The Wehr suffered from organizational and strategic inertia like the Soviets in 1941 but unlike the soviets...they never overcame them.
            Zhitomir-Berdichev, West of Kiev: 24 Dec 1943-31 Jan 1944
            Stalin's Favorite: The Combat History of the 2nd Guards Tank Army
            Barbarossa Derailed I & II
            Battle of Kalinin October 1941

            Comment


            • #7
              The problem is that situations dictate specific actions and lets face it by October 1942 the German Panzer Korps was not exactly the same shape as of 22nd June 1941, add the disaster of Stalingrad, coupled withn the folly of the failure of the Caucasus venture, and that the Germans were being pressed in a two front war in North Africa. One simple fact is that the Soviet Directive could be maintained due to the fact that the Soviets were fighting on a single front, and not spread out on multiple fronts.

              I would say that Hitlers directive such as the one from the Soviets would have failed, especially after the Italian and French invasions by the Western Allies.

              Comment


              • #8
                Originally posted by Cult Icon View Post
                ...

                The Soviet response? Probably a decentralization of their armor and the construction of more independent tank destroyer brigades and regiments.

                ...
                I may be wrong, am not the expert on the Eastern Front, but back in the school days I remember Professor Rothenberg telling us about the "Big Sword Little Sword" doctrine of the Red Army from mid 1942 & beyond. Part of this was keeping a large portion of the tank regiments or brigades, and the other armored weapons like the Su76 or the JSU types in smaller independant brigades that supported the infantry armies. He indicated the majority of the Red Army armored regiments (60%?) of 1942-45 were in these independant brigades. It sounded like these brigades as part of the infantry armies functioned similar to the Armored and Tank Destroyer battalions within the US Army corps, or maybe the independant tank brigades in the Commonwealth armies. That is those capable of AT combat deployed to deal with the initial stages of a German armored attack. The Red Army Tank Corps of 1942-45 deployed against attacking German armored or mobile forces when the attack was large enough those attached to the infantry armies could not handle the situation.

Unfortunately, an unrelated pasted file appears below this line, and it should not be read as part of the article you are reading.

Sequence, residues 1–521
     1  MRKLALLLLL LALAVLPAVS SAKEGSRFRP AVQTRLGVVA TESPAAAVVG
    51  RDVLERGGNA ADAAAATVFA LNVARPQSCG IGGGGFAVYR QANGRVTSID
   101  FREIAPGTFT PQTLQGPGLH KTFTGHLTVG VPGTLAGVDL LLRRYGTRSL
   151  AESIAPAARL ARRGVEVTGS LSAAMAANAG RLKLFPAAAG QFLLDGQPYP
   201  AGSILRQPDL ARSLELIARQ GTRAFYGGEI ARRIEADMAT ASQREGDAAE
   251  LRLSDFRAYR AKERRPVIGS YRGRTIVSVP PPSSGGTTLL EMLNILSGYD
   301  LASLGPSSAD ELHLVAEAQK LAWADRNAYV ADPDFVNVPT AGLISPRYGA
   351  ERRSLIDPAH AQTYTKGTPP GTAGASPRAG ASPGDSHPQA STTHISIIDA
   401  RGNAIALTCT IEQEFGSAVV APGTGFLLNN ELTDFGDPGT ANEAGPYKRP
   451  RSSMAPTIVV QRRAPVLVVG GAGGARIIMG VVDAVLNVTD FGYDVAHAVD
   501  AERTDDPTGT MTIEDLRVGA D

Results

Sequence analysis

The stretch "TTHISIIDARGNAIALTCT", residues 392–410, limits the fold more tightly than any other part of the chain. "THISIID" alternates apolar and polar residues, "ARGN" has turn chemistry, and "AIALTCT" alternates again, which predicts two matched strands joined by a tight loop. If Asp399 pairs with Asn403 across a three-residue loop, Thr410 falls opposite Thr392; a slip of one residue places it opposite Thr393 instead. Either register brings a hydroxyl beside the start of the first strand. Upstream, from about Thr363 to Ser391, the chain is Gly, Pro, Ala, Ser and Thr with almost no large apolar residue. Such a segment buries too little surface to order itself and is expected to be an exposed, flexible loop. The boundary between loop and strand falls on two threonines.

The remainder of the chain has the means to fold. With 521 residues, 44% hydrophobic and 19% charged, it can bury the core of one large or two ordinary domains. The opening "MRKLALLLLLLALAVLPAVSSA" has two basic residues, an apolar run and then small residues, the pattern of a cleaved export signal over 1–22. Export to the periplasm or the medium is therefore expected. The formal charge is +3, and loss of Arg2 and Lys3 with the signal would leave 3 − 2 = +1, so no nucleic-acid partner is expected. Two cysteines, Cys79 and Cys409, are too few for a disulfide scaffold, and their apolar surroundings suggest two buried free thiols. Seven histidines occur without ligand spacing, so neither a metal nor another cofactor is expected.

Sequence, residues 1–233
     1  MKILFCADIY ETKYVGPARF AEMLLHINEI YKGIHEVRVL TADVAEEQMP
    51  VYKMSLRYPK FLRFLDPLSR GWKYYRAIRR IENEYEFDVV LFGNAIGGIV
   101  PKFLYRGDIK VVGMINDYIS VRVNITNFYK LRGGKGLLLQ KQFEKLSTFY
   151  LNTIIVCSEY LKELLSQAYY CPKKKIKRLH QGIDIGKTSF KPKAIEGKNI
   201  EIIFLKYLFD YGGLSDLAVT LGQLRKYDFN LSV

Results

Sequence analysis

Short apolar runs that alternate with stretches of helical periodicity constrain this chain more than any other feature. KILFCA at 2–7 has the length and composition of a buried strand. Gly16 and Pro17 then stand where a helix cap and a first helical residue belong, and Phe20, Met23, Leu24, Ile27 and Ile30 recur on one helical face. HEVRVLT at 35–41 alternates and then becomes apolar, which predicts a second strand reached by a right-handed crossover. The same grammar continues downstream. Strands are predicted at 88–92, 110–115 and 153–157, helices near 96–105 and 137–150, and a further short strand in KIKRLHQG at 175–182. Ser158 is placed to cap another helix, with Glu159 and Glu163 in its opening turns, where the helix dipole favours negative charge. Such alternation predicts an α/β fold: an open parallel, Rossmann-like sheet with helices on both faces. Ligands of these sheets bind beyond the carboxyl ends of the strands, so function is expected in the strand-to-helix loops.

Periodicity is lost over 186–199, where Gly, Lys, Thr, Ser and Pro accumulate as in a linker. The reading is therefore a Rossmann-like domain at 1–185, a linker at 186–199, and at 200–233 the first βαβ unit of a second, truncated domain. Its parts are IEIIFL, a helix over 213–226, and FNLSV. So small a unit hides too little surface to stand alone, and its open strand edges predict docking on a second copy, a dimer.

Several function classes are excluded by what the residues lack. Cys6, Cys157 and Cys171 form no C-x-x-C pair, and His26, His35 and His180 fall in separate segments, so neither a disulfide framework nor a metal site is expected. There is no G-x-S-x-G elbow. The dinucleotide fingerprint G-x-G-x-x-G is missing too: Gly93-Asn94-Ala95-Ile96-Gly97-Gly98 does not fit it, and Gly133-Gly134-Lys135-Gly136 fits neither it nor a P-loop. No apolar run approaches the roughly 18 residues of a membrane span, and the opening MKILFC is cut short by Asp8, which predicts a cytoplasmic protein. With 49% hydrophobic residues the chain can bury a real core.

From a seperate study just a few years ago I did notice that nearly all the Su76 combat vehicles were in such independant regiments or brigades in the infantry armies. So were a large portion or the turretless TD with the 85mm guns.

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                • #9
                  As the war went on, the Germans kept on producing entirely new panzer divisions even after the Soviets stopped forming new ones. (mid 1943). I think they made too many and screwed themselves even more.

                  These panzer divisions...like Panzer Lehr... were usually strong initially but got precious little in terms of rehabilitation and replacements.

                  So you have mostly half or quarter strength panzer divisions on the field in 1944-1945. Many were more like reinforced regiments and were panzer divisions in name only.

                  Originally posted by Roddoss72 View Post
                  The problem is that situations dictate specific actions and lets face it by October 1942 the German Panzer Korps was not exactly the same shape as of 22nd June 1941, add the disaster of Stalingrad, coupled withn the folly of the failure of the Caucasus venture, and that the Germans were being pressed in a two front war in North Africa. One simple fact is that the Soviet Directive could be maintained due to the fact that the Soviets were fighting on a single front, and not spread out on multiple fronts.